This essay discusses the dissemination of atrocity images in contemporary mass media, from the photographs of mass-graves in the Nazi concentration camps to the pictures of torture of Iraqi prisoners in Abu Ghraib. The central question is one of distances: the distance between the image and the event, between the picture and the beholder, and between the destroyed human body and the cultural forms through which it is represented. These distances, their upholding and overcoming, are analyzed through the works of three visual artists that have dealt with atrocity imagery in their art: in 1945, an Italian artist encountering the Nazi camps in 1945; a Holocaust survivor merging mass-grave photographs with pornography in the 1960s; and in 2002, a Taiwanese video artist re-enacting a century-old photograph of Chinese torture. The article interprets these artworks as reflecting processes of abjection at work in the mediatization of atrocities throughout late modern society. Julia Kristeva's theory of the abject underpins the argument, that the media, while bringing atrocities to the public’s attention, also establish a reassuring distance to the scenes of atrocity, and enthrall the viewer in a fascination with the images themselves. In the end, this tension between distance and proximity may open for critical reflection and political action.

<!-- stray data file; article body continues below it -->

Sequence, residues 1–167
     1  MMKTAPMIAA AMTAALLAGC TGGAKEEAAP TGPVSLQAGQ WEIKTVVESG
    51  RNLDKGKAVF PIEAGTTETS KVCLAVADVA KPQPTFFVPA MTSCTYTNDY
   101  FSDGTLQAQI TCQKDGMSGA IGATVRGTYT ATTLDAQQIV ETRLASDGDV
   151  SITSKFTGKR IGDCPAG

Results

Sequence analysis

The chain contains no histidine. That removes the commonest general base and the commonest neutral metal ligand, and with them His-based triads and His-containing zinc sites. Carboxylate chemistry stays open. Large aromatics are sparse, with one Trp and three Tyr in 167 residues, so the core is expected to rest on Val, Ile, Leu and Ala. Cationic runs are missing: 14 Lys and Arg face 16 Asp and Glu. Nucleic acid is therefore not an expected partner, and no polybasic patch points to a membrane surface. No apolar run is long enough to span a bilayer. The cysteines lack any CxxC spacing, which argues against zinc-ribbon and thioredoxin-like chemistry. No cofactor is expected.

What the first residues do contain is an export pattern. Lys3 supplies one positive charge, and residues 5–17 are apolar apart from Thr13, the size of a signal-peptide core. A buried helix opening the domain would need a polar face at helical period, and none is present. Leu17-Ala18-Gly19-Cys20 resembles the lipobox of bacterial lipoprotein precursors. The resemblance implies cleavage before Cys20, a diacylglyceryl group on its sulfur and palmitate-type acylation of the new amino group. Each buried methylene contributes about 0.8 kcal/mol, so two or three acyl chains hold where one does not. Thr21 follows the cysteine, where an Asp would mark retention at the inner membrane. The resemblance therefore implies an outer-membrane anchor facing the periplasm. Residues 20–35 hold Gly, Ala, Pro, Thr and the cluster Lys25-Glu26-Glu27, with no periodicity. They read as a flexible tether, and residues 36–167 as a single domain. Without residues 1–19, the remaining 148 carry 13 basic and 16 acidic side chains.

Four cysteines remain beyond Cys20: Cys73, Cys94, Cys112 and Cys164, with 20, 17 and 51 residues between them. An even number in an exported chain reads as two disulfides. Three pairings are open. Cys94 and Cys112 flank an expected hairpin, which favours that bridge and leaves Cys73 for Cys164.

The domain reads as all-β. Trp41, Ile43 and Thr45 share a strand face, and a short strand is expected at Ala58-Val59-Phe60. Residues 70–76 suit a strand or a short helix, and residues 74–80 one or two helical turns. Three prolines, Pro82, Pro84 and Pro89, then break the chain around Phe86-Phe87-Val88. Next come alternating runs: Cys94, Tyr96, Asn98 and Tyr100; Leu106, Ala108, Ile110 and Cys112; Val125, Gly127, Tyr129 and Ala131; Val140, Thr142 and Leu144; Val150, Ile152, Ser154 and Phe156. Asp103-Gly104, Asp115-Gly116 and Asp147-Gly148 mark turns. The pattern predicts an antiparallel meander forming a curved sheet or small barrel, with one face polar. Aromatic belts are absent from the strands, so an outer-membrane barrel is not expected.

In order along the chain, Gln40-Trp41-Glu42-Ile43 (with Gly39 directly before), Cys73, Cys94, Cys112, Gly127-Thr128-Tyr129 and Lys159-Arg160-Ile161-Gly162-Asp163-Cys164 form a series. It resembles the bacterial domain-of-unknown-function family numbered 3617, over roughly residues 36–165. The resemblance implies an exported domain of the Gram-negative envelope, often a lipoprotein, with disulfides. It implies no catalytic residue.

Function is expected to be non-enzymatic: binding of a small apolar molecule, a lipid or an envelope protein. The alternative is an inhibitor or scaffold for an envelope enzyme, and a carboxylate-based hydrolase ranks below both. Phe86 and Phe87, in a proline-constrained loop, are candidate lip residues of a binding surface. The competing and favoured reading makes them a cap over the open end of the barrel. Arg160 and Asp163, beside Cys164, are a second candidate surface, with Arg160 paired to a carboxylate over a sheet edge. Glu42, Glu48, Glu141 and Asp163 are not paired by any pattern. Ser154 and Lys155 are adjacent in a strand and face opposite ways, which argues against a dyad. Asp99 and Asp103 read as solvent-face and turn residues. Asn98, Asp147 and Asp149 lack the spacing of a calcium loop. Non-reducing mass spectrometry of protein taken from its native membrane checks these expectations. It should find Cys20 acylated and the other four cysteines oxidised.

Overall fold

|Titel på gästpublikation||Transvisuality: the Cultural Dimension of Visuality. Volume 1: Boundaries and Creative Openings|
|Redaktörer||Kristensen Tore, Michelsen Anders, Wiegand Frauke|
|Förlag||Liverpool University Press|
|Status||Published - 2013|